The decision of President Donald Trump to withdraw the United States of America from the Paris Agreement shocked the international community. After his decision (which, according to Article 28, of the agreement, cannot take place earlier than 4th November 2020) to abandon this historic climate pact that brought together all the countries in the world – with the exception of Syria and Nicaragua – is there still hope for an ambitious climate policy that keeps global warming “far below 2º C”?
There is more to the US besides the White House
America has always been great – and diverse – with a prominent climate scientific community as well as leading political figures in the fight against climate change, like Al Gore. More recently, initiatives to safeguard climate-related data and make it public through “rebel” government agencies twitter accounts have emerged. This means that there is still a margin for climate compromises aside from the Trump Administration.
That is exactly what we have seen in these weeks after the announcement; with 14 Governors, 14 Attorney Generals, hundreds of mayors and much of the business sector supporting the US’ continued involvement in the Paris Agreement. The creation of the United States Climate Alliance – where individual states, led by California, New York and the State of Washington have declared their commitment to the reduction of emissions – together with the involvement of bipartisan political figures such as Michael Bloomberg and Arnold Schwarzenegger shows us that there is much support for climate action at local and state-level.
There is an overwhelming support for the Paris Agreement within the US private sector, including the oil industry, and stakeholders have declared their willingness to continue their compliance. Businesses want certainty and a clear regulatory framework in order to make the right investment decisions and we are already seeing initiatives aiming to internalise carbon costs, mainly through shadow carbon price.
In the energy sector and with current renewables prices (in part thanks to European early action and subsidies), we should not expect an abrupt stop in investments, nor a quick “coal revival”.
EU climate championing and the political momentum
The European Union (EU) has exhibited strength and unity with the reaction of President Juncker and the joint declaration right after the US announcement by Germany, Italy and France to continue with ‘business as usual’. As the host nation of the Paris Agreement, France is committed to the energy transition. Moreover, its newly elected President. Emmanuel Macron has pledged to set a carbon price floor of 100€ per carbon ton in 2030 (far higher than the current one), to continue the investments in renewables, and to phase out coal plants in 5 years.
These promises would have an impact on the EU as a whole. 26 out of 28 Member States (all but Poland and Greece) have already announced that there will be no new investments in coal plants after 2020. On the contrary, EU-wide consensus in carbon floor price would not be easy.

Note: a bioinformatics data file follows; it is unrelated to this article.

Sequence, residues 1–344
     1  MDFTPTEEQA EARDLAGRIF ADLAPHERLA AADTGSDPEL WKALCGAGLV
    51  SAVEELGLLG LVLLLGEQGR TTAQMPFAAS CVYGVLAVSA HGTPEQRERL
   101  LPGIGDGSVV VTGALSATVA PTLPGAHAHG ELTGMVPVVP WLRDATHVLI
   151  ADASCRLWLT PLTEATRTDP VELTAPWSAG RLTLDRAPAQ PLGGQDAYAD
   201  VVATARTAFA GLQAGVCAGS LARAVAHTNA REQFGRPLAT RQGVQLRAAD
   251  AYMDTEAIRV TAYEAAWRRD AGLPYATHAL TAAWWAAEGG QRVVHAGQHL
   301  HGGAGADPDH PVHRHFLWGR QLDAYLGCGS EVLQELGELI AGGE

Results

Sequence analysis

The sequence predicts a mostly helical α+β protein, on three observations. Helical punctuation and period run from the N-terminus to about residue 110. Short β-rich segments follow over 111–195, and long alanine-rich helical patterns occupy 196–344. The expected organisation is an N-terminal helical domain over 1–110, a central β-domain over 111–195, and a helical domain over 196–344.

The EU machinery keeps moving towards a full implementation of its legislative action to reach emission targets, with the approval of the plenary of the European Parliament on their position relating to the Effort Sharing Regulation. The proposal aims to reduce 30% of emissions from the sectors excluded from the EU ETS (namely transport, agriculture, waste and construction) by 2030, and creates a mandate to begin an inter-institutional dialogue with the Council and Commission (a so-called trilogue) to move the legislative process forward.
Meanwhile, the legislative proposals in the Clean Energy Package for all European and the LULUCF proposal (land use, land-use change and forestry) are also on track; the first with a strong focus on the energy transition. However, some dossiers in the package such as the proposal for a Regulation on the Governance of the Energy Union also include important climate-related components.
China is ready to claim leadership
As the US retreats from climate action, another economic powerhouse is keen to step in. China’s new economic model is not only about shifting from basic manufacturing to high added-value chain, but also about leading global investment in renewable energy sources and tackling the long-existing problem of pollution and air quality in Chinese urban areas.
China is also about to set up its carbon trading market, joining the group of regions with one in place (amongst them again California and EU ETS). China is aware of its new leading position in fighting climate change, and has not hesitated to showcase this, either at the recent 2nd June EU-China summit where it deliberately focused the debate on climate policy, or by signing a climate agreement with California last month.
The Paris Agreement is here to stay and Donald Trump alone cannot reverse the motion already set in place. Trump´s decision to withdraw the world’s second largest carbon emitter from the Paris Agreement has only reinforced the global consensus that the agreement itself is “fit for purpose”, as verbalised by European Commissioner Arias Cañete, and “not renegotiable” in the words of Commission President Juncker.
It is time for all the countries to stick together, ratify the agreement and proceed with its implementation. After G7 (where US was isolated in their climate scepticism) and G20 meetings this year, the next 2018 Global Stocktake would be a unique opportunity to show the world (and those Americans committed to climate action) that Paris is more alive than ever and that there is hope for those advocating for action to keep global warming closer to the intended targets.